I moved out of my home when I was 18. And it was the best decision I've ever made

With great independence, comes great responsibility.

Sarwat Fatima Sarwat Fatima Jan 11, 2017
All that I lost in tears, I gained in wisdom. Photo courtesy: DharmaProductions

In a country like ours, a single girl living alone in a city, often has to put up with a lot of shit. Nosy neighbours, pados wali gossip-loving aunty, and the rowdy bachelors living on the same street. But when I moved out of my parents' house at the age of 18, I had no idea this is what my single-in-the-city life would include.

I come from a small town. So naturally the paradigm shift to a metropolitan like Delhi was too much to process for me initially. It wasn't a smooth journey-in fact I cried myself to sleep in the initial few months. But all that I lost in tears, I gained in wisdom.

Lesson 1: Don't Judge a Book by Its Cover
Now, if you have ever lived on rent, you would understand what an uphill task it is to find an appropriate accommodation that suits your budget. So, in a battle to find a roof over my head, I had haggle, argue, and even fight with a plethora of brokers. Each sleazy in his own unique way.

Up until now, I had my parents and a close circle of relatives to look after me. But, here I was--all alone, trying to make an adult decision, without getting floored by fake lucrative offers that were being thrown at me by my prospective landlords.

It was then when I learnt not to judge a book by its cover. The failed attempts to find a suitable apartment taught me how to call out bullshit.  

Once I started living alone, I also realized…

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Lesson 2: You Are Your Own Best Friend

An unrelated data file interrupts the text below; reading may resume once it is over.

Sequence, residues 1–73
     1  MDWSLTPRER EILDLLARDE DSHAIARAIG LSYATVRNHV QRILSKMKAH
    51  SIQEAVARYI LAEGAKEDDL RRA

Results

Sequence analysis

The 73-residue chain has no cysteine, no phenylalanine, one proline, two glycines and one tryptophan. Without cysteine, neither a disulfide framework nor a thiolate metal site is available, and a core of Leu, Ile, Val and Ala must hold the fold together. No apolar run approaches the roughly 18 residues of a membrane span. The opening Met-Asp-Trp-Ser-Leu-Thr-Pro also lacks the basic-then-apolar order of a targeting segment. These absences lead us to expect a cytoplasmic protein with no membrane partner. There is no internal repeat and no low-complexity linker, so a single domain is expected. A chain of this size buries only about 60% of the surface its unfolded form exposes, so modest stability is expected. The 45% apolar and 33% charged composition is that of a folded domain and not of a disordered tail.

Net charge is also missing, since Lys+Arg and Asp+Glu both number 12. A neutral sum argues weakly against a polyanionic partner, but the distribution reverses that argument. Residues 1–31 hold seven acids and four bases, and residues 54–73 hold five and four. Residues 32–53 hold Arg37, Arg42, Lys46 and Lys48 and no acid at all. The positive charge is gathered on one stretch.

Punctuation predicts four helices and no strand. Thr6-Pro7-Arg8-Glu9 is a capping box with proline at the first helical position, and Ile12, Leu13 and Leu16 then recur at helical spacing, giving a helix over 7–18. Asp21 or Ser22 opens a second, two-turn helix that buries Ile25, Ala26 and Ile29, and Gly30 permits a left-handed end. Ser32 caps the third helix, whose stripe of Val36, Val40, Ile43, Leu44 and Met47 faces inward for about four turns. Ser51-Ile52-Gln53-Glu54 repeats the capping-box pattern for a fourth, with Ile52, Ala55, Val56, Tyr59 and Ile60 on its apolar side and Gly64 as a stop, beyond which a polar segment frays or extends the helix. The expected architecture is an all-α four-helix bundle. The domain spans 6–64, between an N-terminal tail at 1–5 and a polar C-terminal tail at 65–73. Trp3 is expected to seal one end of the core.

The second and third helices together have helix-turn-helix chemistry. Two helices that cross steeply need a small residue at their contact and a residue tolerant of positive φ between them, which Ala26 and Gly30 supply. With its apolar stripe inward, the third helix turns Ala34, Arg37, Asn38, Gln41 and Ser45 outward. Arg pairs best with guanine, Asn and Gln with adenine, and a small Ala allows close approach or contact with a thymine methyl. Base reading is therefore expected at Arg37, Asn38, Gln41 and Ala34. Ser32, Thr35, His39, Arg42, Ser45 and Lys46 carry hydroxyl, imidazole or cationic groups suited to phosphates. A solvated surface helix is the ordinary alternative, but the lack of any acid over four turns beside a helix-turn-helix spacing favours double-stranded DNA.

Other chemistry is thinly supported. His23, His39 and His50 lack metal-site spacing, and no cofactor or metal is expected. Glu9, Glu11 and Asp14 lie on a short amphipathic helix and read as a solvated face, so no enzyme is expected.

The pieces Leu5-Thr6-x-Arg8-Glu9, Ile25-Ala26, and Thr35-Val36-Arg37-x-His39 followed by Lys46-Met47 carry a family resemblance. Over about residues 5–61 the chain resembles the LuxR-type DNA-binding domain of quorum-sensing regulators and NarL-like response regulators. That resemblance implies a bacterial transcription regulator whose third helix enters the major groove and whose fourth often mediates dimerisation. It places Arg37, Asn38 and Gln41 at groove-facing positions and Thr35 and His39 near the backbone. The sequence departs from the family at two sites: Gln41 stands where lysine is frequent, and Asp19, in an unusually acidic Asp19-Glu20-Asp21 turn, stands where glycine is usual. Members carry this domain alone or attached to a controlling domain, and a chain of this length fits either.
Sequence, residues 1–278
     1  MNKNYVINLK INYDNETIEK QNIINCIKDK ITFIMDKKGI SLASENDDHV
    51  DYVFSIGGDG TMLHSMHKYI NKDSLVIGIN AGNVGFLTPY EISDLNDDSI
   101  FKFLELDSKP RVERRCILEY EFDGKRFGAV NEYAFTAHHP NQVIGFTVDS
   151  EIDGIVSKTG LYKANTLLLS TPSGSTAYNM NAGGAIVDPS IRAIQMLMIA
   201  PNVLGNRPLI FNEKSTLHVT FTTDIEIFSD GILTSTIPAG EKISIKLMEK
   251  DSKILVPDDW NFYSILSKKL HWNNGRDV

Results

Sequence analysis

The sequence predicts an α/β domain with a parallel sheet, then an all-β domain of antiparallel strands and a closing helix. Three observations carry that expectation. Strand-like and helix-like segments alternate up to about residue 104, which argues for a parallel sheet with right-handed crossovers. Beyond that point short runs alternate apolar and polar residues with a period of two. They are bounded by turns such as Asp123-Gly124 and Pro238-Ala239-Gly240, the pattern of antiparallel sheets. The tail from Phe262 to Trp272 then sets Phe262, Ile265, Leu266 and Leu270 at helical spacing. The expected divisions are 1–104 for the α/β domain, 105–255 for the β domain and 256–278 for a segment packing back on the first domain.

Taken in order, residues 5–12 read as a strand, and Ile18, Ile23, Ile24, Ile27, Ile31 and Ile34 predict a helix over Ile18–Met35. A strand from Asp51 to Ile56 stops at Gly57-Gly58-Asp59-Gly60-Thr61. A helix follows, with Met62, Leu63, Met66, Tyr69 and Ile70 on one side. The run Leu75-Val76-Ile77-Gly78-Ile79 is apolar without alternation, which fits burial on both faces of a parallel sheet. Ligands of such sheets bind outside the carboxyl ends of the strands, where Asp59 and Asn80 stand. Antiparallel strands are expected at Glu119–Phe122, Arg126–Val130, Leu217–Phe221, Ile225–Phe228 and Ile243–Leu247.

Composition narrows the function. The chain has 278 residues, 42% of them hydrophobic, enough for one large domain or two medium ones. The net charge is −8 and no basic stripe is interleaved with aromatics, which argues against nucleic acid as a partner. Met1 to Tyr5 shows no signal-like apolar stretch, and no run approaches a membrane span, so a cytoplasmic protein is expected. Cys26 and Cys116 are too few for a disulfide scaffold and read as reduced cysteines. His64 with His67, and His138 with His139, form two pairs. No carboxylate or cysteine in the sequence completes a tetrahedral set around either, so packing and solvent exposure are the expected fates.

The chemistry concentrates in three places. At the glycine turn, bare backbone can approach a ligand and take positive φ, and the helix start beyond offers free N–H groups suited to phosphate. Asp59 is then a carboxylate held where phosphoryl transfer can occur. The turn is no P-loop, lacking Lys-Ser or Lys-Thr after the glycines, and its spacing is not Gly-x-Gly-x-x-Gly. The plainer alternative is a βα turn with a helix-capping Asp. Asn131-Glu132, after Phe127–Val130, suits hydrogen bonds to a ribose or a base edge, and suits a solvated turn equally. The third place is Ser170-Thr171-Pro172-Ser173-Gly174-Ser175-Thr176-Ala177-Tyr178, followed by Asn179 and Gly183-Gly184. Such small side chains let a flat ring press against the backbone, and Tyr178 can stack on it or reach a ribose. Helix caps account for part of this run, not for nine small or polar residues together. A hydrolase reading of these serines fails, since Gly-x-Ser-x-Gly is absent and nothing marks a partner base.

Having grown up watching Friends, I assumed life was going to be fun living alone in my own apartment. Friends would come over and we would party all-night long. Sadly, I was ushered out of sitcom-land when I realized that life is never that simple.

One, it's quite a task making new friends in a strange city--especially those who you can trust enough to call over. Secondly, not everyone is available at your beck and call.

But instead of letting isolation drive me crazy, I began to enjoy my own company. I took to hobbies and activities I always wanted to indulge in. I started reading, writing, and watching movies that I really loved.

In a nutshell, I conquered boredom with my survival instincts. Which brings us to another very important lesson…

Lesson 3: With Great Independence Comes Great Responsibility
Just because your mom and dad are not living with you, doesn't mean you can go all bonkers. You have to be responsible for yourself.

Also, let's be honest--India is not a very safe country for women. So, I had to tread carefully. I kept a tab on my timings, researched the routes I was going to take before getting into a cab, and avoided sketchy places and people.

I did not let my hair down and party, because I had no one watching my back. It might sound a little OTT, but I had to be on my guard, not letting the freedom cloud my sense of judgment.

It's been 10 years now, but living alone teaches me important lessons of life every day.

Moving out of my childhood home wasn't an easy decision, but it has taught me how to survive on my own and tackle life. Despite the problems, the loneliness, and the exhaustion--I still consider it as one of the best decisions of my life.

Also read: I travelled solo and loved it. Here's why I feel every girl should do it too

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